Belarusian State University of Information Technologies and Radio Electronics;
Sakharov’s International Ecological University.
Belarus receives significant assistance from the IAEA in the area of human resources development. Presently, Belarus implements the national IAEA Technical Cooperation project BYE/006 “Development of Human Resources and Training System for the Nuclear Power Program”.
2.9. Stakeholder Communication
In Belarus, the information support activities are performed within the framework of stakeholder communication plans, which deal with continuous provision of information related to the development of nuclear power program to the public.
Under the leadership of the Ministry of Information, a working group, which consists of representatives of governmental bodies and organizations involved into nuclear power program, as well as representatives of mass media, was established.
In the press center of the “House of Mass Media”, the Information Center for nuclear energy was set up. The Center conducts round tables to discuss issues related to the development of nuclear power program in Belarus on the regular basis.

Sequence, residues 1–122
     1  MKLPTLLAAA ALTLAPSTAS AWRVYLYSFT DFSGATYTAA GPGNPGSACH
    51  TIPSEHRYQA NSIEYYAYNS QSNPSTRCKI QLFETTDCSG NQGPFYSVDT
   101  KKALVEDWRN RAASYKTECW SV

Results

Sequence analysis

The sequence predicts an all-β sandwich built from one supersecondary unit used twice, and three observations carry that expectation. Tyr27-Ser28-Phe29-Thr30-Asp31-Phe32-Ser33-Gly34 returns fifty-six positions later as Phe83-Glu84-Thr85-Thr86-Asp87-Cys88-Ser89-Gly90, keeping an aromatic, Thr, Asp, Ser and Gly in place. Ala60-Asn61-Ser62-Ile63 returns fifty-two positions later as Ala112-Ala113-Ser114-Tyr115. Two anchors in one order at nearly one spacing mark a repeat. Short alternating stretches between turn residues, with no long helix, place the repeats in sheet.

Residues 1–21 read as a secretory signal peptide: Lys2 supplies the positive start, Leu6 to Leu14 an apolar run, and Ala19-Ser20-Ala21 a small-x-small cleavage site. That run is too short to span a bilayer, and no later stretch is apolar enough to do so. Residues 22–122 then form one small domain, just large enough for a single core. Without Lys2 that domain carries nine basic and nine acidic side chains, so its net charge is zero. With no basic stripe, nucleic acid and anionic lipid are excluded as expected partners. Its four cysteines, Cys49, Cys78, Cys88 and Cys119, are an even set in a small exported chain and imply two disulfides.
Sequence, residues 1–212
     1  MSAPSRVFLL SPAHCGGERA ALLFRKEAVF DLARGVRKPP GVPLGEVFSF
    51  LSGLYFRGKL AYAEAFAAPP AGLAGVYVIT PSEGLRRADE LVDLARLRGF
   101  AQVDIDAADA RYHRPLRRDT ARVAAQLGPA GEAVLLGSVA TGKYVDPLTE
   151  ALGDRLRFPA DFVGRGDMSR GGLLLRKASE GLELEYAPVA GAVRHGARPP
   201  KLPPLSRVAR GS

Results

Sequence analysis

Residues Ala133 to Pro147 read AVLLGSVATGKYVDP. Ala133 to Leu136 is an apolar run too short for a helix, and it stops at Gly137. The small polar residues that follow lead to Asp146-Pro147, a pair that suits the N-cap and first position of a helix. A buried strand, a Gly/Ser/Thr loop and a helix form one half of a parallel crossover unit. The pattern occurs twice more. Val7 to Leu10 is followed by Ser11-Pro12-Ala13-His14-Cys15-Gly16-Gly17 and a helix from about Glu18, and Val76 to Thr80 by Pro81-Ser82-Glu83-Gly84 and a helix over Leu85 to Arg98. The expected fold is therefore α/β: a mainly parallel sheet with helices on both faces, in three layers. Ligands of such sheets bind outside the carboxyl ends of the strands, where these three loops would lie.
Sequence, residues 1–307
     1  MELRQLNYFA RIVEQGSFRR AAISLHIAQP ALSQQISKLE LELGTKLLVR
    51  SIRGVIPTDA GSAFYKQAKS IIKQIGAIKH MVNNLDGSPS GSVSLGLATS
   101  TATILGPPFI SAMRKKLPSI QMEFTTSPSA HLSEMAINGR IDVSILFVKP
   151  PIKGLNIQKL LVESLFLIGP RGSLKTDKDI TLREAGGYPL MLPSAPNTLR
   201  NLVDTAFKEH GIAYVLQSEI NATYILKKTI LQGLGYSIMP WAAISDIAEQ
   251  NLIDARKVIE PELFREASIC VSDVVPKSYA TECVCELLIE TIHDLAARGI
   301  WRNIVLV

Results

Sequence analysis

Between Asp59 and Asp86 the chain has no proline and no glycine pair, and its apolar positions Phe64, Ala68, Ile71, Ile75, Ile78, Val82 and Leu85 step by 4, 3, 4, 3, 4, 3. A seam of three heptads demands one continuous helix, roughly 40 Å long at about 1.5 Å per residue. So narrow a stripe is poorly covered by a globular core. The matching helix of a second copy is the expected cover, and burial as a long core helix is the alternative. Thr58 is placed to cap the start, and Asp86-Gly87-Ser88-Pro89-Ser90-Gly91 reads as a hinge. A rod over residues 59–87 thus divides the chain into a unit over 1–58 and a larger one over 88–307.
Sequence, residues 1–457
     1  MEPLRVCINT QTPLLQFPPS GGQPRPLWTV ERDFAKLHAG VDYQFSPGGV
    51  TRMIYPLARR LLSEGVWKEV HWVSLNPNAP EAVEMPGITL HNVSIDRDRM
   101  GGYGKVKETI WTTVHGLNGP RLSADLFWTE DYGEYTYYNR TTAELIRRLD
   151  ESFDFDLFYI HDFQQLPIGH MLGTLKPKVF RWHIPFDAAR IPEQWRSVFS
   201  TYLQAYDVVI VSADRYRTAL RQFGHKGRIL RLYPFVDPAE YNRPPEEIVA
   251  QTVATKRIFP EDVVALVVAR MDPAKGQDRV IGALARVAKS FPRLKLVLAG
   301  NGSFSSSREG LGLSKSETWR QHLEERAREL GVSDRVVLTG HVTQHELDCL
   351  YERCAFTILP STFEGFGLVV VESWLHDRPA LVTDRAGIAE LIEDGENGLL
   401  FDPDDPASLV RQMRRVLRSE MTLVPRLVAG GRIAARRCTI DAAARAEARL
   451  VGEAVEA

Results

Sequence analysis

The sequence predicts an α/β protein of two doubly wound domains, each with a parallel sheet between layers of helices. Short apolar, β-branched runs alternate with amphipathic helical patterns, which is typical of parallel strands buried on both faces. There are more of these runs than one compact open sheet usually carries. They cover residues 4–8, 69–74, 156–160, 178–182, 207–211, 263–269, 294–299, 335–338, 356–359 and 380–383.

The Directorate of Nuclear Power Plant Construction runs the NPP Information Center, which main task is to provide information to the local public in the perspective area of NPP construction. Information about the progress in the construction of the NPP is disseminated in the Internet through the web sites of the Ministry of Energy (http://www.minenergo.gov.by) and Directorate of Nuclear Power Plant Construction (http://www.dsae.by).
The Institute of Sociology of the National Academy of Sciences conduct opinion polls among the general public related to introduction of nuclear power.
The Department of Nuclear Energy cooperates with “Atomexpo” (Russian Federation), which acts as the exhibition operation of “Rosatom” and as the provider of information support in the nuclear power industry in Russian Federation. The International Exhibition “Atomexpo-Belarus” is held in Minsk annually in collaboration with this organization.
In accordance with the Espoo Convention, consultations and public hearings to discuss the environmental impact assessment report of the planned Belarusian NPP were conducted in Lithuania, Latvia, Poland, Austria, and Ukraine.